Summer Reading List
Ah! The joys of summer! As the days get longer and I am busy with work, I love beginning the day (6 A.M.) with a cup of coffee, The Frederick News-Post (Washington Post on Sundays), and then a chapter or two of a book I am currently reading. So, I’d like to share with my readers my summer reading list:
The Scarecrow, Michael Connelly. I liked this book (mostly). There are three plots interwoven in his latest novel: the relationship between the newspaper reporter Jack McEvoy and Rachel Walling; the demise of the newspaper print business; and the criminal deeds of the villain known as the “Scarecrow.” Of the three, the strongest is the one regarding the demise of the newspaper. Mr. Connelly does a great job with dissecting, from an insider’s point of view, how big business cuts their loyalties with veteran writers (many of the Watergate era) and turn their resources over to young, Internet and technology-savvy writers, who blog and manage information well, but keep them at a superficial level. My one issue with the novel has to do with the subject matter of crimes – too much like James Patterson for my taste. I am eagerly awaiting his new Harry Bosch novel (Nine Dragons, release date scheduled for October 13).
Musicophilia, Oliver Sacks. I had the good pleasure some years ago to sit in on a lecture by Oliver Sacks, and was blown away by his intelligence and his storytelling. He can take abstract, esoteric medical issues and brings them to the personal level for all to understand. This collection of how people around the country have been affected by “short circuits” in the brain and the role of music. For example, one doctor who was struck by lightning, and did very little with music, suddenly took up, and became successful with, classical piano. The stories are fascinating, and the reading enjoyable.
How It Ended, Jay McInerney. What a great collection of short stories from one of the masters of the genre! A product of the esteemed Syracuse University Creative Writing Program (my alma mater), Jay McInerney put together 26 stories in this collection. His is best known for Bright Lights, Big City, and this collection sees him looking at relationships, both personal and professional, in today’s America.
Our Story Begins, Tobias Wolff. A former faculty member at Syracuse University’s Creative Writing Program (again, my alma mater), Tobias Wolff’s new and collected stories shows him to be at the height of his powers. He, along with Raymond Carver, has reinvigorated the short story form. Mr. Wolff’s writings, to me, typically center on the moral issues characters face, the choices made, and the subsequent consequences. Mr. Wolff’s gift is to allow the reader to make his/her own judgments about the characters, and think about the choices we would make in similar situations.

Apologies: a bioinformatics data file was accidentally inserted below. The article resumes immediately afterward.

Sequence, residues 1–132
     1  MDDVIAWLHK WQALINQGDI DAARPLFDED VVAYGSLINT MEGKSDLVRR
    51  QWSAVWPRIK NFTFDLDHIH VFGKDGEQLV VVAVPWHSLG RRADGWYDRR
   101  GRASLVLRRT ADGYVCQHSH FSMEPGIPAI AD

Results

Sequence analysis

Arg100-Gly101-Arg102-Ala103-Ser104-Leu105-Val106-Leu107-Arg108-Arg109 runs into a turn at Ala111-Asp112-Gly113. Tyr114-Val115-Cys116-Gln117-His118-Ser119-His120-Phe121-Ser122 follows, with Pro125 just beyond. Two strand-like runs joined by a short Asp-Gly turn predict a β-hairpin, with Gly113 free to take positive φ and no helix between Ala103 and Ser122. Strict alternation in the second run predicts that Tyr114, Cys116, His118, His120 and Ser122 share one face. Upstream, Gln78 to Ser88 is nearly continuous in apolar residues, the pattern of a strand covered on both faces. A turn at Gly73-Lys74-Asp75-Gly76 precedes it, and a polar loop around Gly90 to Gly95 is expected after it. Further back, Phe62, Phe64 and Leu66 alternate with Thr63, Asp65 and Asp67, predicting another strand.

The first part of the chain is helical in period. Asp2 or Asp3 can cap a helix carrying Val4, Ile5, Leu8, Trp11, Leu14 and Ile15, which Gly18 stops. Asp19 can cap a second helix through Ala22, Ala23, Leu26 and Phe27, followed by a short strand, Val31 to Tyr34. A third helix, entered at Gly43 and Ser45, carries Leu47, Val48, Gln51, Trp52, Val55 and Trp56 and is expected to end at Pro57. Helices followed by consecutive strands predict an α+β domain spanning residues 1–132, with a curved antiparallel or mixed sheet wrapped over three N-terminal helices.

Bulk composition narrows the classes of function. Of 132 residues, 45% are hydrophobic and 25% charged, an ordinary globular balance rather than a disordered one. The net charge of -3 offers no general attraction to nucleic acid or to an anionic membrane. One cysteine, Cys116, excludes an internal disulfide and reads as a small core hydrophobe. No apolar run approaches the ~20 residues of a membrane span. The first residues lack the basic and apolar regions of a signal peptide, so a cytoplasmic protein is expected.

Looking back on the previous two choices, I see that the collection of short stories I’ve been reading are just right considering how busy I am each summer. My work has me toiling long hours, and the short story form allows me to read a short story each morning. The shorter form, poetry, is also a great way for me to keep my literary muscles working, and there are two recent books of poetry that are worth mentioning.
Ballistics, Billy Collins. Having appeared at the Weinberg Center earlier this year, Bill Collins has been a favorite of mine for years. His latest collection, many of which appeared in various magazines, show Mr. Collins as continuing to be a post of the people. To me, he has taken up the mantle left by Carl Sandburg: plain-speaking vernacular with profound messages.
Averno, Louise Gluck. Released in 2006, I finally got around to reading this collection. She’s an established poet and well-respected. This collection explores the myth of Persephone and others. Just a brilliant sequence of poems.
So, what does the rest of the summer hold? My thoughts now turn political. I picked up a copy of Doris Kearns Goodwin’s Team of Rivals. I am very eager to dive into this one. After that it will likely be Chuck Todd’s book How Obama Won. After that, we’ll see.
Email me what you’re reading these days.